Cao, B.; (2012) Performance analysis and centralised optical processing in next generation access networks. Doctoral thesis, UCL (University College London).
|PDF - Requires a PDF viewer such as GSview, Xpdf or Adobe Acrobat Reader|
The Next Generation Passive Optical Network (NG-PON) is currently being standardised and developed, with a goal to achieve higher bandwidth at 10Gb/s, greater capacity at thousands of users and longer backhaul reach at 60km or 100km. The aim is to provide cost effective solutions for telecom operators to vastly deploy optical access networks, enabling customers with the benefit of the greater bandwidth and wider range of services. This thesis presents research that has identified and addressed various design issues relating to next generation access networks. Interferometric noise may be present in future, ring based, access networks which utilise WDM and OADMs. Simulation and experiment results are presented which studies the performance tolerance to not-precisely-defined wavelength, in the presence of interferometric noise. The impact of receiver electrical filtering was also investigated. The next generation access network will, in the upstream direction, use burst transmission and are likely to need a large tolerance to wavelength drift due to the low cost equipment used at the customer’s premises. A demonstration of optical burst equalisation was presented, based on SOAs. This study also explores the possibility of reducing the SOA saturation induced non-linear distortions through simulations and experiments. As an extension to the optical burst equaliser and to remedy the saturation induced distortions, an intermediate site optical processing system was proposed. This solution not only performs burst-mode wavelength conversion at 10 Gb/s, but also pre-chirps the signal to allow long-reach transmission and suppressed level fluctuation to ease the requirements on the burst-mode receiver. As a result, a proof of concept 10Gb/s Wavelength Converting Optical Access Network (WCOAN) with up to 62km DWDM backhaul is experimentally demonstrate. It is designed to consolidate drifting wavelengths, generated with an uncooled laser in the upstream direction, into a stable wavelength channel for DWDM long backhaul transmission.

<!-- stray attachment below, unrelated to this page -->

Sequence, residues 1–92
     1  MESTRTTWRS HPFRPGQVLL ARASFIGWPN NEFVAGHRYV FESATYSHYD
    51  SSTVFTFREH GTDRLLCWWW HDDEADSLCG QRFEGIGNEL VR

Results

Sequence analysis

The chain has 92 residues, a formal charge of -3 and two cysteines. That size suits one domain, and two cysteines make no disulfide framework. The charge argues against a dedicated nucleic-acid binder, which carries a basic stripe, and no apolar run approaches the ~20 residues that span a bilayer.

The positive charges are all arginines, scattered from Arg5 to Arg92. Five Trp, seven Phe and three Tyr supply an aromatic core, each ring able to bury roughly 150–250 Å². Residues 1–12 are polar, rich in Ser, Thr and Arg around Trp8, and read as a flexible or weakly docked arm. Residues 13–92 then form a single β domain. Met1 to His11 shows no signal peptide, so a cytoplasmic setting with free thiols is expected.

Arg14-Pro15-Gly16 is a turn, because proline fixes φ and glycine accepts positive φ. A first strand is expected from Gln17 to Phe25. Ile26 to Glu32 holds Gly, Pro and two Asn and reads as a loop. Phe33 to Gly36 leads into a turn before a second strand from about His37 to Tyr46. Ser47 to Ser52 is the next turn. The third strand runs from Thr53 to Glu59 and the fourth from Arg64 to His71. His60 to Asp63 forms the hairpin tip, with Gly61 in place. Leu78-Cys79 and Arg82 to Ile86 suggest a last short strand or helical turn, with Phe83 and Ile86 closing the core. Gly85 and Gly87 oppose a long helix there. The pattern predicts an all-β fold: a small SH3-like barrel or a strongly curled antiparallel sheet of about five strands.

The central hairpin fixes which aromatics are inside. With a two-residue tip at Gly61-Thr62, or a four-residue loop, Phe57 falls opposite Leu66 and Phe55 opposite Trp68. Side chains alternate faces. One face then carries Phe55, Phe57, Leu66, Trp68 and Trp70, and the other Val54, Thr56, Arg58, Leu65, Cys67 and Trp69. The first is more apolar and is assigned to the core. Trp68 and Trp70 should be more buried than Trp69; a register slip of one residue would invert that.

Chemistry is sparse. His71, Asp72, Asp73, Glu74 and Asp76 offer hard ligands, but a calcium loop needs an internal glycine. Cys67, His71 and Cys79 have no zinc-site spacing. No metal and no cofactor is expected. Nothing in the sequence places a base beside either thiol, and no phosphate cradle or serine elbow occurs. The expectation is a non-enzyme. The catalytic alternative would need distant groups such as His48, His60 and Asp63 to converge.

|Title:||Performance analysis and centralised optical processing in next generation access networks|
|Open access status:||An open access version is available from UCL Discovery|
|UCL classification:||UCL > School of BEAMS > Faculty of Engineering Science > Electronic and Electrical Engineering|
View download statistics for this item
Activity - last month
Activity - last 12 months
Archive Staff Only: edit this record